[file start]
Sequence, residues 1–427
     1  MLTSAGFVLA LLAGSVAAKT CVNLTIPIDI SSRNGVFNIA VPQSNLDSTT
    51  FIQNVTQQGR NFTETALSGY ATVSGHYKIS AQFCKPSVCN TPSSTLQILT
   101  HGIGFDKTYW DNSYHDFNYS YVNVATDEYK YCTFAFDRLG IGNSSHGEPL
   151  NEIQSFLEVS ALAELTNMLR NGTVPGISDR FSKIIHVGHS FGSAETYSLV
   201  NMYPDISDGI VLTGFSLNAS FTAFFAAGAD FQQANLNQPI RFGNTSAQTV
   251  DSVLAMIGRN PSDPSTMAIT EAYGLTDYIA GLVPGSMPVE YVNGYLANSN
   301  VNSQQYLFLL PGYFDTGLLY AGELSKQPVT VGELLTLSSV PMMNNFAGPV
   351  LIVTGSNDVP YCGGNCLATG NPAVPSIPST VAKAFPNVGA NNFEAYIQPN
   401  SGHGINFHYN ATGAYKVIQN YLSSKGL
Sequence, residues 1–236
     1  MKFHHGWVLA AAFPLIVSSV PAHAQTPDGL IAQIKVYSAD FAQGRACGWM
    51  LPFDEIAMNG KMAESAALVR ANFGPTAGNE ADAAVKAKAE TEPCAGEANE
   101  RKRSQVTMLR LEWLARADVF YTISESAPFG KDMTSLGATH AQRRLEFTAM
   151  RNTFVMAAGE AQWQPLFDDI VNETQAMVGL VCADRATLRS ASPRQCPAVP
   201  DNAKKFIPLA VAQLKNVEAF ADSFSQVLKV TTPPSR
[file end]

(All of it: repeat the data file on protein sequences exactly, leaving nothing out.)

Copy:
Sequence, residues 1–427
     1  MLTSAGFVLA LLAGSVAAKT CVNLTIPIDI SSRNGVFNIA VPQSNLDSTT
    51  FIQNVTQQGR NFTETALSGY ATVSGHYKIS AQFCKPSVCN TPSSTLQILT
   101  HGIGFDKTYW DNSYHDFNYS YVNVATDEYK YCTFAFDRLG IGNSSHGEPL
   151  NEIQSFLEVS ALAELTNMLR NGTVPGISDR FSKIIHVGHS FGSAETYSLV
   201  NMYPDISDGI VLTGFSLNAS FTAFFAAGAD FQQANLNQPI RFGNTSAQTV
   251  DSVLAMIGRN PSDPSTMAIT EAYGLTDYIA GLVPGSMPVE YVNGYLANSN
   301  VNSQQYLFLL PGYFDTGLLY AGELSKQPVT VGELLTLSSV PMMNNFAGPV
   351  LIVTGSNDVP YCGGNCLATG NPAVPSIPST VAKAFPNVGA NNFEAYIQPN
   401  SGHGINFHYN ATGAYKVIQN YLSSKGL
Sequence, residues 1–236
     1  MKFHHGWVLA AAFPLIVSSV PAHAQTPDGL IAQIKVYSAD FAQGRACGWM
    51  LPFDEIAMNG KMAESAALVR ANFGPTAGNE ADAAVKAKAE TEPCAGEANE
   101  RKRSQVTMLR LEWLARADVF YTISESAPFG KDMTSLGATH AQRRLEFTAM
   151  RNTFVMAAGE AQWQPLFDDI VNETQAMVGL VCADRATLRS ASPRQCPAVP
   201  DNAKKFIPLA VAQLKNVEAF ADSFSQVLKV TTPPSR